Turner said the declassification process should include the approval of the agency that classified the information in the first place to protect the intelligence gathering process, its sources and methods.

Presidents periodically used decrees to update the official system for declassifying classified information.

In 2009, President Barack Obama issued Executive Order 13526. This is still the official policy since neither Trump nor President Joe Biden has updated it.

The government may soon change the process

Earlier this summer, Biden began testing how sensitive data is handled. Here is the Congressional Research Service's comprehensive report on the declassification process.

Biden's review will revise the three general levels of the classification.

Classification levels

Cathy Lobosco of CNN wrote a very good tutorial on classified data last week. Here is her description of the three levels of classification:

Top secret This is the highest level of secrecy. Information is classified as "Top Secret" if it "can reasonably be expected to cause exceptionally serious harm to national security," according to a 2009 executive order that describes the classification system.

A subset of top secret documents known as SCI, or confidential information reserved for certain information obtained from intelligence sources. Access to an SCI document can be further restricted to a small group of people with a certain level of clearance.

Some of the material found at Trump's Florida home was labeled "Top Secret."
Secret. Information is classified as classified if it is believed that the information would cause "serious harm" to national security if disclosed.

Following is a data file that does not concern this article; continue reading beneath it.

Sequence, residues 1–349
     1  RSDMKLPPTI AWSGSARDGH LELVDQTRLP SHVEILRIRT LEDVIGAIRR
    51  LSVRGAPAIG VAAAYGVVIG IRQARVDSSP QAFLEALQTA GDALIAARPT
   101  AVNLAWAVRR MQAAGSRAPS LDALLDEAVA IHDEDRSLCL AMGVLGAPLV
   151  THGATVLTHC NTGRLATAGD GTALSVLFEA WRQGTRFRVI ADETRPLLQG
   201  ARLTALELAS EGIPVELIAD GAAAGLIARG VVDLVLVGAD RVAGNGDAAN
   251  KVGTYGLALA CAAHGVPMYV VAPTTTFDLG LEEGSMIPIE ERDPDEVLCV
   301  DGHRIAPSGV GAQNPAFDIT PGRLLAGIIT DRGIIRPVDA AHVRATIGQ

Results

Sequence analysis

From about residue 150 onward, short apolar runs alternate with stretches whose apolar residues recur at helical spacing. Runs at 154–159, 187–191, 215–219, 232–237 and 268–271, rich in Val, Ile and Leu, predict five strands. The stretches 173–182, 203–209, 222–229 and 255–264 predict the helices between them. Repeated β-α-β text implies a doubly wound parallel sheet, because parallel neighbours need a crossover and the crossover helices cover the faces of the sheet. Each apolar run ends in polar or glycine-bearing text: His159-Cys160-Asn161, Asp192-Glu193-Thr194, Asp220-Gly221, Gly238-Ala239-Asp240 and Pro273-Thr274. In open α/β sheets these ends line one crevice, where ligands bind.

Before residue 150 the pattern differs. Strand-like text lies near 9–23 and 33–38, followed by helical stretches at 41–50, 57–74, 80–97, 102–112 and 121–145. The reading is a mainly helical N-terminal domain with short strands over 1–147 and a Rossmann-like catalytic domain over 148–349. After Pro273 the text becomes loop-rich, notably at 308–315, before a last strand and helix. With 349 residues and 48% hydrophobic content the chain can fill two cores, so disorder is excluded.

Confidential. Confidential is the least sensitive level of classification applied to information that could reasonably be expected to cause "damage" to national security if disclosed.

What things are top secret?

Former CIA officer David Priss, who is now the publisher of the website Lawfare, said that regardless of the specific classification, classified information is information that the government does not want to declassify and make public.

For example, it could be intelligence about the North Korean nuclear program or Russian military operations.

Leaks can be catastrophic or fatal

Priss became emotional as he spoke of the dangers of making secret documents public.

“The disclosure of this information endangered people's lives,” he said. - It's not a joke. We know people who died like this while serving their country.”

What's taking so long?

Priss argued that a more important question than what is classified is why, if the government knew the documents were in Mar-a-Lago, it took investigators so long to get them.
He argued that in order for the President to declassify anything, there still needs to be a paper trail so that everyone knows that something has been declassified.